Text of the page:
FIG. 5 is a block diagram showing the flow of data among components of an MFP controller including a Timer Module, in accordance with a preferred embodiment of the present invention. FIG. 5 and FIG. 6 describe processing within the MFP during the job releasing procedure.
After the MFP 500 receives an encrypted printed job 510 from the host or elsewhere, the I/O buffer controller 510 receives the job and stores it temporarily in memory.
The command parser 540 checks the format of the job to make sure it is well-formed. By analyzing information attached to the encrypted job 530, the received job is recognized as a job that is subject to the processing of the present invention, and is determined to be processed for storing in the mailbox. The body message portion of the job is not yet decoded at this point.
Data store manager 560 timestamps the job, and prepares the job for storage in the mailbox in the storage device 580. The optional timer module 590 periodically checks the timestamps of the jobs, and according to the specified threshold value time limit, deletes jobs that have been kept in the mailbox for too long without being retrieved. In an embodiment of the present invention, a job is deleted if it is older than a threshold time limit value, where the threshold time limit value is optionally shortened if a storage capacity of the device exceeds a threshold capacity limit value. This prevents overflow of the mailbox storage space which can be caused by users forgetting to release jobs from the mailbox.
FIG. 6 is a block diagram showing the flow of data among components of an MFP controller including a Key Generator, in accordance with a preferred embodiment of the present invention. Following the processing described in reference to FIG. 5, at this point, the job is stored in the mailbox.
The user 640 enters user account and password or mailbox ID and PIN into the User I/F controller 650, which is responsible for the front panel and other user interface components of the MFP. In embodiments of the present invention, entering of user information may involve methods of entering password, PIN (personal identification number), RFID (radio frequency identification), retinal scan, fingerprint, biometric identification, and combinations thereof. User I/F controller 650 of the MFP retrieves job list from the data store manager, and lets the user manually select a job from a list of jobs in the mailbox.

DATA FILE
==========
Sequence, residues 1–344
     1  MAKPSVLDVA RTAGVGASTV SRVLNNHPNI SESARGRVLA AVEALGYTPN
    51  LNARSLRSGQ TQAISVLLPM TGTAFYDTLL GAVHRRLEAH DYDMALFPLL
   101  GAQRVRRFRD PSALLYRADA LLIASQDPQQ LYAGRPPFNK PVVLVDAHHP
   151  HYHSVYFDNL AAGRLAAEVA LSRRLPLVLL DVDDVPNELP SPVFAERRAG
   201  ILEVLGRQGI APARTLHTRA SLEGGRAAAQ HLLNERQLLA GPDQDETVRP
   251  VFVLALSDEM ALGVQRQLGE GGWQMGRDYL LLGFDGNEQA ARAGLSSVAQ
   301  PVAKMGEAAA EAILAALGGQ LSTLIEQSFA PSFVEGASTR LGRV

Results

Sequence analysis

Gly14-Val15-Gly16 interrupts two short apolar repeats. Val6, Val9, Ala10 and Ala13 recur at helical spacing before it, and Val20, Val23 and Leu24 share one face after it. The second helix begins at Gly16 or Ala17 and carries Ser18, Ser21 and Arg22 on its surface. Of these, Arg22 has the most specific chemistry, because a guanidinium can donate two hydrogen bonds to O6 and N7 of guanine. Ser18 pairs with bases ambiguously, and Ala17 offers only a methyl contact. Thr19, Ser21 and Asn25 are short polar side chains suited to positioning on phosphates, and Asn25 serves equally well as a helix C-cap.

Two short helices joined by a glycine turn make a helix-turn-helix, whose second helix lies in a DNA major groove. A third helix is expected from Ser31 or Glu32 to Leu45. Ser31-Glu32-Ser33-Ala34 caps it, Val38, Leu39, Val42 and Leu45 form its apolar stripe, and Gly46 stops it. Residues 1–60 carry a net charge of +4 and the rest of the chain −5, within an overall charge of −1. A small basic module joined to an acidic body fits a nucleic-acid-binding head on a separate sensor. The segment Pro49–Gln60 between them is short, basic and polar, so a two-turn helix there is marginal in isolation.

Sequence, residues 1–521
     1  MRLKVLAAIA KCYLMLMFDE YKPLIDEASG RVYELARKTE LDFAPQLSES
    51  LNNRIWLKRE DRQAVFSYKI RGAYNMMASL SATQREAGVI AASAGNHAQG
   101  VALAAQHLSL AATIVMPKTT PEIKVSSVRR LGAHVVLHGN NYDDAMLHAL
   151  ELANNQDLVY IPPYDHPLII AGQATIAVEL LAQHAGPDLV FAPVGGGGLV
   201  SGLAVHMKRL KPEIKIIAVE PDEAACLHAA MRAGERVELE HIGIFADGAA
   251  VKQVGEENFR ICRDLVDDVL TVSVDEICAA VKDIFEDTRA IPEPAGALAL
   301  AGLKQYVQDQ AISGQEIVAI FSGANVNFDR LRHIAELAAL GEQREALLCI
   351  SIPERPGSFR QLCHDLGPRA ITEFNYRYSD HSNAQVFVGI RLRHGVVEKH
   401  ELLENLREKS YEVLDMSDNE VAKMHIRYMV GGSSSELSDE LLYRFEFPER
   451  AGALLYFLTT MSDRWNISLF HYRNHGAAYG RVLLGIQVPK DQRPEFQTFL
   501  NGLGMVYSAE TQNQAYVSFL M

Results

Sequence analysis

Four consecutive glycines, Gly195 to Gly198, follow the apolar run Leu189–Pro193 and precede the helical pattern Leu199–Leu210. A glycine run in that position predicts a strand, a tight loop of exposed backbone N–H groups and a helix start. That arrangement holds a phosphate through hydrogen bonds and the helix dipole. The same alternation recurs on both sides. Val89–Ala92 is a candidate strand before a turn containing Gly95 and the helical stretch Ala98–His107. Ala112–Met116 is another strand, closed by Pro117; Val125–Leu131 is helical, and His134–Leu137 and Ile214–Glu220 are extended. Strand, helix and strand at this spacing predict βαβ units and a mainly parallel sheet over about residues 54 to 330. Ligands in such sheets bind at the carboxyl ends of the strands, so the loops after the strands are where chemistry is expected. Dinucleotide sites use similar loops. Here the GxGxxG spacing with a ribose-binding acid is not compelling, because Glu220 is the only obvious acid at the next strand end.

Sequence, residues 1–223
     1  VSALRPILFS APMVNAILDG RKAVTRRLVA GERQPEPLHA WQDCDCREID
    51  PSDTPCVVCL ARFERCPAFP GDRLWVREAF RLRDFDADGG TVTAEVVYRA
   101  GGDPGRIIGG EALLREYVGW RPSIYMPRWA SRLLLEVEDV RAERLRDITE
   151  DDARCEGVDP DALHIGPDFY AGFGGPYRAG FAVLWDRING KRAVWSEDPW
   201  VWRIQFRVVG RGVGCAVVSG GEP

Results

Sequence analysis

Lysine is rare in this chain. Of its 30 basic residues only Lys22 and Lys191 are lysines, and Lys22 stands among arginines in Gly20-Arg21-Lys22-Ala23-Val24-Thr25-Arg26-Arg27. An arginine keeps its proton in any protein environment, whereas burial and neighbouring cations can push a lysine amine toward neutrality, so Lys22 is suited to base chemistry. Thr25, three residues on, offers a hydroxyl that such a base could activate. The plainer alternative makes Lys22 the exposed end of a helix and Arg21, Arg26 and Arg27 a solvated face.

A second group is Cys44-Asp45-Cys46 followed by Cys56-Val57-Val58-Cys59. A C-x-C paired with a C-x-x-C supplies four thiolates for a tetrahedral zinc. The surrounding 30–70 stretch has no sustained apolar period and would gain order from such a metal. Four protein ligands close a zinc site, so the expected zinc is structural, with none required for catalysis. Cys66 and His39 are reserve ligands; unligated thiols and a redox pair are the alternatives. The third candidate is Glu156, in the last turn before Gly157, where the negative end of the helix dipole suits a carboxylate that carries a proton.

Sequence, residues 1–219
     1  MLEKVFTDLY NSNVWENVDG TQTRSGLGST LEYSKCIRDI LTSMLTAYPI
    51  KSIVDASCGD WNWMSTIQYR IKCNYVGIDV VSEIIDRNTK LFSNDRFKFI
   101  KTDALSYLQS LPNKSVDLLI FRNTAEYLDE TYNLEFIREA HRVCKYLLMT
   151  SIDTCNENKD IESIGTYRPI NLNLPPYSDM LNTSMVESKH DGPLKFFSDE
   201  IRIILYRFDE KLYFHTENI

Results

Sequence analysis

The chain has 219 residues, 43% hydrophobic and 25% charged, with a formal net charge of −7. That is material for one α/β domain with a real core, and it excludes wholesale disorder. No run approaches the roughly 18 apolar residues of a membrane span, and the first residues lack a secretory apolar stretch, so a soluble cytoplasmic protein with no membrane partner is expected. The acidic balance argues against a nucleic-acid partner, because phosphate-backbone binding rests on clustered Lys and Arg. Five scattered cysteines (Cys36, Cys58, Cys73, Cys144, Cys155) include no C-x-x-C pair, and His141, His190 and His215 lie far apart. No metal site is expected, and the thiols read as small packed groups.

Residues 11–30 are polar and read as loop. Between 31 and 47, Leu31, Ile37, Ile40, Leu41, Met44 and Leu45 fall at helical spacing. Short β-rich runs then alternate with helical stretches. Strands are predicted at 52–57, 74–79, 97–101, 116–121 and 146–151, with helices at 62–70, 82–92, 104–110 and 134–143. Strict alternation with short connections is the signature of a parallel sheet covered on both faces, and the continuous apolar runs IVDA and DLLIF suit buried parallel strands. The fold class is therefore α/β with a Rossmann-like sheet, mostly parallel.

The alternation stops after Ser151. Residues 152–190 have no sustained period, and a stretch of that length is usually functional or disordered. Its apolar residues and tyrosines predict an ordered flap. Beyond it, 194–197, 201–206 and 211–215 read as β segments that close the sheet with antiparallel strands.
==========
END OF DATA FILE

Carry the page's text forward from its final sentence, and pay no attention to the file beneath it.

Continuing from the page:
Then the MFP sends job number user, user account or mailbox ID to the authentication server 610 through the authentication manager 620. The authentication server queries for an encryption key for the specified job, and the authentication server sends back secrecy to the authentication manager 620 of the MFP.
Using the secrecy and the user ID together with the password, a key is generated by the key generator 630 of the UP to decode the encrypted print job. This procedure has been described in reference to the earlier figures. Then the authentication manager sends back the decode key to User I/F Controller, and the user I/F controller asks the job manger 680 to create Printer Job with decode key.
Although this invention has been largely described using terminology pertaining to printer drivers, one skilled in this art could see how the disclosed methods can be used with other device drivers. The foregoing descriptions used printer drivers rather than general device drivers for concreteness of the explanations, but they also apply to other device drivers. Similarly, the foregoing descriptions of the preferred embodiments generally use examples pertaining to printer driver settings, but they are to be understood as similarly applicable to other kinds of device drivers.
Although the terminology and description of this invention may seem to have assumed a certain platform, one skilled in this art could see how the disclosed methods can be used with other operating systems, such as Windows, DOS, Unix, Linux, Palm OS, or Apple OS, and in a variety of devices, including personal computers, network appliance, handheld computer, personal digital assistant, handheld and multimedia devices, etc. One skilled in this art could also see how the user could be provided with more choices, or how the invention could be automated to make one or more of the steps in the methods of the invention invisible to the end user.
While this invention has been described in conjunction with its specific embodiments, it is evident that many alternatives, modifications and variations will be apparent to those skilled in the art. There are changes that may be made without departing from the spirit and scope of the invention.
Any element in a claim that does not explicitly state “means for” performing a specific function, or “step for” performing a specific function, is not to be interpreted as a “means” or “step” clause as specified in 35 U.S.C. 112, Paragraph 6. In particular, the use of “step(s) of” or “method step(s) of” in the claims herein is not intended to invoke the provisions of 35 U.S.C. 112, Paragraph 6.